Friday, December 27, 2013


In the fourth chapter of his novella Flaubert's Parrot, Julian Barnes—punning on Gustave Flaubert's repeated comparisons between himself and a bear—writes:
It is not known whether Flaubear ever ate his namesake. He ate dromedary in Damascus in 1850. It seems a reasonable guess that if he had eaten bear he would have commented on such ipsophagy. 
Ipsophagy, you ask? What's that? Self-devouring, like the Ouroboros, presumably—a combination of Latin ipso-, meaning "itself" (as in the phrase ipso facto, by the fact itself) and the suffix -phagy, as in "anthropophagy" (cannibalism), "bacteriophage" (a microbe that eats bacteria), "coprophagous" (like these guys), and so forth.

But the problem is that the -phagy etymon ("etymon, n.: a word or morpheme from which a later word is derived") isn't Latin. It's Greek. And that makes ipsophagy a strange (if clever) hybrid of two languages—as potentially strange to behold as déjà seen or Schadenhappiness. A purely Greek version would be autophagy (which is in fact a piece of biological jargon) or perhaps even heautophagy, by way of the wonderful word heautoscopy, which Roland Barthes employs in Camera Lucida, his extended meditation on photography:
Heautoscopy was compared with an hallucinosis; for centuries this was a great mythic theme.
A Latin version would be more awkward: perhaps ipsoesive (hard to sound out), or maybe ipsoconsumptive.

Julian Barnes would not like me picking on his coinage, I'm sure, but I don't mean to single him out: the language is littered with Greco-Latin hybrids, nearly all of them post-classical. People are fond of pointing out that television is one—a mix of Greek tēle, "faraway," and Latin vision. (Teleport faces the same issues; telekinesis, however, is real.) So, too, are "hyperactive" (Greek hyper + Latin active), "automobile" (Greek auto + Latin mobile), and "neuroscience" (Greek neuron + Latin science). (Possible alternatives: superactive? Autokinetic? Neurepisteme?) Daniel Mendelsohn, in a recent essay on the historical novelist Mary Renault, writes that "sniff[ing] out a fake" is one of the little luxuries of the classicist:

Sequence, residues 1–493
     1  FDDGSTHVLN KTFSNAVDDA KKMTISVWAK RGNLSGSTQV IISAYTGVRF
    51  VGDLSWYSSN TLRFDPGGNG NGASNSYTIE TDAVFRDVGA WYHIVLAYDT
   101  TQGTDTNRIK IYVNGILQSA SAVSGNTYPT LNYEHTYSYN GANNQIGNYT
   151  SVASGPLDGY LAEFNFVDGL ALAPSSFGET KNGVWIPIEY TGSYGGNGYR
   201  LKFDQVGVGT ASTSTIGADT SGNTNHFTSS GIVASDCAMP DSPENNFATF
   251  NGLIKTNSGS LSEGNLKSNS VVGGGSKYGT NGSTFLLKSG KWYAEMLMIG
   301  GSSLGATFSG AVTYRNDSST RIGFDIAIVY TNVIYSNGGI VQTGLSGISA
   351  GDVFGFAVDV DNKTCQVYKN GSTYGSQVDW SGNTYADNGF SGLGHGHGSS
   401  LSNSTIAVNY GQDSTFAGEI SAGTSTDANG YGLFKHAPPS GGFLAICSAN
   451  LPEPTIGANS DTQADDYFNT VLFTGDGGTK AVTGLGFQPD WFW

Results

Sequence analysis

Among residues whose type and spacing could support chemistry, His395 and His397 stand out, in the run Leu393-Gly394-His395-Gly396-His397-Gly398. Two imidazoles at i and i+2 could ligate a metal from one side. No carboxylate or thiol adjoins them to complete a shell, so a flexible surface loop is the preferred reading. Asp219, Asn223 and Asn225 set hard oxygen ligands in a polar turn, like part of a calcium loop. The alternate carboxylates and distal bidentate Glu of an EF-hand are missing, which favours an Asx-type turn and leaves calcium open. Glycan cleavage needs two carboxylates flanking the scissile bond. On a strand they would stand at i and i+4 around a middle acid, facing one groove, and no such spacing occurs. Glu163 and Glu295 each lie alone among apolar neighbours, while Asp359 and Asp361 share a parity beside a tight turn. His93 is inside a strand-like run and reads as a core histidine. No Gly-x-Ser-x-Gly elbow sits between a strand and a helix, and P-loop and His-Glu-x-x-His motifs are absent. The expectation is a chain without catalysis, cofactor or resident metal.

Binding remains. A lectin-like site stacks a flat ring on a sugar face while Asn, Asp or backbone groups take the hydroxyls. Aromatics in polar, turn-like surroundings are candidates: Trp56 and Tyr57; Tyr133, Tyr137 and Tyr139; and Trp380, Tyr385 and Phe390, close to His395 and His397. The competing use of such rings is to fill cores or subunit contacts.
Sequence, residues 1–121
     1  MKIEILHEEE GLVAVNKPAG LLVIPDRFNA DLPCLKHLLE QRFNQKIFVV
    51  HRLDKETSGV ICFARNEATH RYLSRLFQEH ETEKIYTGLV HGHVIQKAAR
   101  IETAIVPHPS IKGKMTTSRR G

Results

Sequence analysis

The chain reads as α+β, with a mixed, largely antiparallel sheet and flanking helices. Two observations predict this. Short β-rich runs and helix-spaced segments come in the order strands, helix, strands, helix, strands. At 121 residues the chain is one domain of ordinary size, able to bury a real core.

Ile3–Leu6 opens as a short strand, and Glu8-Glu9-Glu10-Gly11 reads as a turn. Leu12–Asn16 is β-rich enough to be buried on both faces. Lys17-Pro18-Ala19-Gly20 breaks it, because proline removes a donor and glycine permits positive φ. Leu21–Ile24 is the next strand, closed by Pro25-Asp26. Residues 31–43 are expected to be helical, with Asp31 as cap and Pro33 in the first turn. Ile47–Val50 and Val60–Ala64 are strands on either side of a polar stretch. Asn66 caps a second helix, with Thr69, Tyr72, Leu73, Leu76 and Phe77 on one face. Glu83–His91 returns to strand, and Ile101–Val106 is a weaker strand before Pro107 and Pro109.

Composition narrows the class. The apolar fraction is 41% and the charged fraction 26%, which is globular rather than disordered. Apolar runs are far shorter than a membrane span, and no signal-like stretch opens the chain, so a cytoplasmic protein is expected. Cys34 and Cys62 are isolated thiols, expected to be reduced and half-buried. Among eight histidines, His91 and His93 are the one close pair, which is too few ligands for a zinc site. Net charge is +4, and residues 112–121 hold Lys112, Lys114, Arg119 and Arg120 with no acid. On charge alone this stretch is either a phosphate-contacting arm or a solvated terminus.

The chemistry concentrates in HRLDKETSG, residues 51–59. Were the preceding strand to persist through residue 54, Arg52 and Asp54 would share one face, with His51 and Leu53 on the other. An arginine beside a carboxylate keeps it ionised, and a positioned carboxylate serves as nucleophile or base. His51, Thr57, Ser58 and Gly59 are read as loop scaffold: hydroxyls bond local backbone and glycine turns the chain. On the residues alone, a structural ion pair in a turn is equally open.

The word "homosexual," for instance, is a solecism, a hybrid of Greek (homos, "alike") and Latin (sexualis, "sexual").
Better, perhaps, "identisexual" and "alterosexual"—or "homoerast" and "heteroerast." Okay, so these may be monstrosities—but I rather like "ambisexual" in place of "bisexual" (though since the bi- prefix is Latinate, the current word actually has no problems). "Mammogram" and "pedometer" would have to go. And "Scientology" would have to be renamed. (Unfortunately for Tom Cruise, "epistemology" and "technology" are already taken.)

Of course, all of this assumes that hybrids are a problem, which they aren't, or need not be. Why not go around inventing such words, as long as you are honest about them? This merely proves the lessons that every classics teacher wants to impart: that Latin and Greek are not dead—that little bits of them are floating around, very alive, within the living languages, constantly evolving into new shapes. Dinosaurs aren't dead; they're just birds. Latin and Greek can assort and make whatever strange new chimeras they very well like. It's downright amazing, or perhaps it's miraculous, or thaumaturgical, or maybe all three at the same time. (Thaumacles, anyone?)

1 comment:

  1. Many of the late-19th-century classicists who were so pivotal in the invention of homosexuality objected strenuously to the 'bastard compound' 'homosexual' (including Symonds). I dimly remember someone advocating 'simisexual' as an alternative. So Mendelsohn's comment has a long history! For my favorite fictional (though based in reality) objection, see Stoppard's Housman in The Invention of Love.